Well, you may have noticed that I’ve let three days go by since posting my last installment in this evolving list. I won’t bore you with the reasons. Instead, let’s move right on to the two songs I’m adding to the list today (to see the songs added to the list previously, go HERE).
2015 proved to be a breakout year for this unique West Virginia band. Though Nechochwen’s first two albums (Algonkian Mythos and Azimuths To the Otherworld) and his 2012 EP (OtO) received praise from discerning listeners and critics, 2015’s Heart of Akamon has appeared on a huge number of year-end lists, including a substantial percentage of the more than 50 we posted here on our own site.
In both its conception and its execution, Heart of Akamon is a rarity. Conceptually, it continues its principal creator’s devotion to telling histories of Native American tribes of the Eastern Woodland. Musically, it beautifully combines classically inclined and neofolk-oriented acoustic guitar, Native American flute melodies, and the weight and ferocity of blackened metal — along with some wonderful guitar solos — to produce an experience that (to quote one reviewer) is “atmospheric, intense, and grandiose”.
The album includes a lot of compelling melodies (including in the killer instrumental metal track “Skyhook”), but I think the song that best deserves the adjective “infectious” is the opening song, “The Serpent Tradition“.
I’ve tended to think of Heart of Akamon and Obsequiae’s Aria of Vernal Tombs as musical cousins who both stepped into the spotlight in 2015. The two bands shared a member on these two albums (Andrew Della Cagna), Nechochwen himself contributed guest vocals on some of the tracks, and both are unusual and highly accomplished meldings of metal and non-metal musical traditions. And both have been praised far and wide.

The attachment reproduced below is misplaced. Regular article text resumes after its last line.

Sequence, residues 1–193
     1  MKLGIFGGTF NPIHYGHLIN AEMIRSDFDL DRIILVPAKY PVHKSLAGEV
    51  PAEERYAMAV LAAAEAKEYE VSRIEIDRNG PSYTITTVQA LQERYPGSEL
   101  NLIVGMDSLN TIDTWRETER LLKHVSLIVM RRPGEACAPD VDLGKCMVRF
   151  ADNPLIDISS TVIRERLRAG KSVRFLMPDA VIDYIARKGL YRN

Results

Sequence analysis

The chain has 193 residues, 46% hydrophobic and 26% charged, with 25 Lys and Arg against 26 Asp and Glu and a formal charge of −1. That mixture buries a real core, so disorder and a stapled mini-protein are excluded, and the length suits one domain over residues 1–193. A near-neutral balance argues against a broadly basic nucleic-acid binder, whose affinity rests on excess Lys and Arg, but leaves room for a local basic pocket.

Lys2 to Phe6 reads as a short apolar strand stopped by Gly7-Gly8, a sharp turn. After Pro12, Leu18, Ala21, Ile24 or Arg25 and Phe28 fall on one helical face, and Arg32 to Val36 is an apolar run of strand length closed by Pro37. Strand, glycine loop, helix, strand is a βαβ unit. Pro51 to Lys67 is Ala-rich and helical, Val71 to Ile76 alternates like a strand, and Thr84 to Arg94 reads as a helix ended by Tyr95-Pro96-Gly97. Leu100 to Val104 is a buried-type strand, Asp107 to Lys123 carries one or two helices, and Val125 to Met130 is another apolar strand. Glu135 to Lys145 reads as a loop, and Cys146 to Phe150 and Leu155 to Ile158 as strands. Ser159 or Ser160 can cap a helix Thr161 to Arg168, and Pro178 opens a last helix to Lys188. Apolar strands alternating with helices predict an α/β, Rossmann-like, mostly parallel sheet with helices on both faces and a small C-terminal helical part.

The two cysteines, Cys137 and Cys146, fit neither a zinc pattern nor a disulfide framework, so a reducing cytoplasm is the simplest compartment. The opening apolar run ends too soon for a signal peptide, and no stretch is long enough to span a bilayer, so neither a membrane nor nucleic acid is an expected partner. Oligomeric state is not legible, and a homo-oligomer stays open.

When I’ve tried to succinctly describe Aria of Vernal Tombs to people who are unfamiliar with Obsequiae, I falter, and usually stammer out, “Well, it’s like a combination of medieval music and something like atmospheric black metal. There’s harp music on the album, too, and the guitars kind of sound like bagpipes or flutes sometimes. Really interesting lyrics, too”.
That’s such an utterly unsatisfying description. It doesn’t come close to doing justice to the brilliance of the ideas and meticulousness of the craftsmanship manifested on the album, and it equally falls short of capturing the depth of the band’s success in integrating disparate sounds and musical traditions and the magnetic attraction of the melodies. Tanner Anderson and company have made something truly triumphant.
When an album even includes interludes (performed here by Spanish harpist Vicente La Camera Mariño) that vie so strongly for affection with the rest of the songs, picking something to acclaim as “most infectious” is an especially tough challenge. Truth is, I have almost as many favorites on this album as there are songs to be heard on it — and I have no doubt that many devoted fans would give the nod to something other than what I chose for this list, such as “Autumnal Pyre” or “Pools of A Vernal Paradise” or “Anlace and Heart”. What I picked was the glorious “Orphic Rites of the Mystic“.